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Old 07 March 2003, 07:36   #11
Country: UK - England
Town: Cheltenham
Join Date: Sep 2002
Posts: 89
I admit I could be wrong, it is only designed for thin string, so must be for a tripping line

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Old 07 March 2003, 08:19   #12
Country: USA
Town: Fairfield
Boat name: Sunrider
Make: Zodiac
Length: 7.3
Engine: MerCruiser (bio)diesel 180hp I/O
Join Date: Jun 2002
Posts: 296
I had an engine failure in my 24' Zodiac Hurricane in deep water about 600 miles south of Hawaii, and used a sea anchor overnight while I got some sleep. Seas were about 15' with a 20-25 knot wind, and only a slight current.

I used a 9' Para Tech sea anchor with a 15' length of chain mid catenary (a great help) and trip line with float for recovery. It's the only time I've deployed one except for testing, so I had (and have) very limited experience and am certainly not an authority.

I found it deployed easily over the side and "caught" and as soon as some pressure was taken on the line, immediately bringing the bow into the weather. I payed out the line about 200' and tied it off. It felt exactly like dropping anchor, and held out position with minimal drift. The angle of the anchor rode is more horizontal than when using ground takle, so burying the bow was not a problem.

Recovery was a bit tricky because it was impossible to haul in the line, which essentially means pulling the boat toward the sea anchor against the prevailing weather. It's handled just as if you were anchored to the bottom, powering forward while simultaneously taking in the line so it doesn't foul the prop. It took a while, and I wouldn't like to do it often in heavier weather or without a trip line, but I was able to bring it in without complications.

This web site has good information on the subject

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Old 07 March 2003, 13:52   #13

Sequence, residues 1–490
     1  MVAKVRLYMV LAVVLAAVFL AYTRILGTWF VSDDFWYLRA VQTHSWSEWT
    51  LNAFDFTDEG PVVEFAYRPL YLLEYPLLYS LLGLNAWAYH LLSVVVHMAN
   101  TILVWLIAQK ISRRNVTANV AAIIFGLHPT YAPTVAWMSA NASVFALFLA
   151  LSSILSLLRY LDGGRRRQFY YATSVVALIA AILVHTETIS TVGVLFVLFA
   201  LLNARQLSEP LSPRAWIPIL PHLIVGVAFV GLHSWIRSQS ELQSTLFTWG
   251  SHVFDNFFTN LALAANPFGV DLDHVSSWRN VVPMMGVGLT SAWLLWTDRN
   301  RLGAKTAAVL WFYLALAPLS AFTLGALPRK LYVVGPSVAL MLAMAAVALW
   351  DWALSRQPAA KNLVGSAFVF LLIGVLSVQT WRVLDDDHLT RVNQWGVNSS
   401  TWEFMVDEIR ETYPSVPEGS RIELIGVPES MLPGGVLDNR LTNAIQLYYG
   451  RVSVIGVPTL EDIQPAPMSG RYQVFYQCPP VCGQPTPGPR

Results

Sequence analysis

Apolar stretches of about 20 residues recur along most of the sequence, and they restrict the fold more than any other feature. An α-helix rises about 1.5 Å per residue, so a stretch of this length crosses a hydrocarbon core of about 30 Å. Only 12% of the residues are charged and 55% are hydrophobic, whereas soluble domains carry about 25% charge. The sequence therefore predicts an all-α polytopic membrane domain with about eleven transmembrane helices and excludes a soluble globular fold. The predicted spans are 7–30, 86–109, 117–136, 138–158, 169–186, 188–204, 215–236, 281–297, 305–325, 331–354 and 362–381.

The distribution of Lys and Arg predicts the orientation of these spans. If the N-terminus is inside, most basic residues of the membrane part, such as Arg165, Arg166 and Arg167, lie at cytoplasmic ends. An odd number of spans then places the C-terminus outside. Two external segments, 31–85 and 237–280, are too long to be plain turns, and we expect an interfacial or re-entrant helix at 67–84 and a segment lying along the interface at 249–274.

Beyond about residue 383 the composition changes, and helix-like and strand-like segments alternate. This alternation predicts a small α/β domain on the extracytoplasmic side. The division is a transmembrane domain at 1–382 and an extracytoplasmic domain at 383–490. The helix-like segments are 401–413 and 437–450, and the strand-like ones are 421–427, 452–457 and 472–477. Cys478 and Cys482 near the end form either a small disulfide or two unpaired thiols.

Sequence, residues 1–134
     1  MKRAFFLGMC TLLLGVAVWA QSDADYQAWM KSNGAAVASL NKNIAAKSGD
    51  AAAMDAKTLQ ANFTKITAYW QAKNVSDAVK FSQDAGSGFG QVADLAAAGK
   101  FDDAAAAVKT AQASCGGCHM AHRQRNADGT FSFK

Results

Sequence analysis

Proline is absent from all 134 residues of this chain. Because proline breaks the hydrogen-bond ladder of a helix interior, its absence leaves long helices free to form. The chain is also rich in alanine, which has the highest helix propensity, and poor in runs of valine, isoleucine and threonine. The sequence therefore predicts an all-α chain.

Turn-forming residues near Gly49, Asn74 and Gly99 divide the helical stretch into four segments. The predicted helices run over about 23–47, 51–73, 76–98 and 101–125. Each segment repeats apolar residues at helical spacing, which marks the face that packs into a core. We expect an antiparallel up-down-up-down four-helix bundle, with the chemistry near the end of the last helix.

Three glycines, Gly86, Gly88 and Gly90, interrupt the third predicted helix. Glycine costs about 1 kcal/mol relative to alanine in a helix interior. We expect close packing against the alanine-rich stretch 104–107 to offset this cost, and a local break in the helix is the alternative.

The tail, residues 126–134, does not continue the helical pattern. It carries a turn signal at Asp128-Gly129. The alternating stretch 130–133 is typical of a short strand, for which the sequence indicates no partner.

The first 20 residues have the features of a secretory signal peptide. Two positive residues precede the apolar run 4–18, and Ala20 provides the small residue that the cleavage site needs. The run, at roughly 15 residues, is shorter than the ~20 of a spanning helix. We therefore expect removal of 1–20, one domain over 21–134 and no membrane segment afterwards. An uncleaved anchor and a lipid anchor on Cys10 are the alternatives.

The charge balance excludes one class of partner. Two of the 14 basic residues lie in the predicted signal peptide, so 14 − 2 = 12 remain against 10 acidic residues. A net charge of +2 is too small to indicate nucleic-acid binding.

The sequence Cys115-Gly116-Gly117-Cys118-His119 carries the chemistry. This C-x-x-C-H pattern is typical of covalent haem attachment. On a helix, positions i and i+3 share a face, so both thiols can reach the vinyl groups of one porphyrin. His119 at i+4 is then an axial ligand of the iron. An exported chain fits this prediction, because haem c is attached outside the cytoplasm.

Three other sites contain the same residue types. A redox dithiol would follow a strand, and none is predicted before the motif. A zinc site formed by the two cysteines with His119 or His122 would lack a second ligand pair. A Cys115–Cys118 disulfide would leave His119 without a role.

Country: UK - England
Town: Iver, Bucks, UK
Boat name: Prime Rib II
Make: Humber Ocean Pro
Length: 6m +
Engine: Mercruiser 1.7 diese
MMSI: 235086032
Join Date: Jul 2001
Posts: 443
Oh Dear!

I thought a cheap sea anchor would be an easy option to putting an auxiliary O/B on the boat. Seems sea Anchors are a science too.

Thanks for the thoughts.......


Mike C
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Old 07 March 2003, 15:06   #14
Country: Greece
Town: Gloucetsreshire
Boat name: GATO DI MARE
Make: MAR.CO
Length: 9m +
Engine: Yamaha 200Vmax
MMSI: 235027678
Join Date: Sep 2002
Posts: 3,339
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Originally posted by Tiger
...I could be wrong, ........
I think that you are right!!
Never said that you were wrong I was just saying that all the sea anchors have this short of eye thing for tripping them. That's all
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Old 08 March 2003, 02:23   #15
Country: UK - England
Town: Cheltenham
Join Date: Oct 2002
Posts: 7
Mike C,

Though I belive there is a science to sea anchors, I think the problem is that the information on the pack is rather limited. Mine detailed yachts and motor cruisers size so I estimated my need on a RIB.

A larger problem is that you don't go out in bad weather to test such equipment normally. When I have tried the wether was not very bad, it worked, but I don't have full confidence in the way it was set and the control of the snatch.

Hopefully it will be sorted soon


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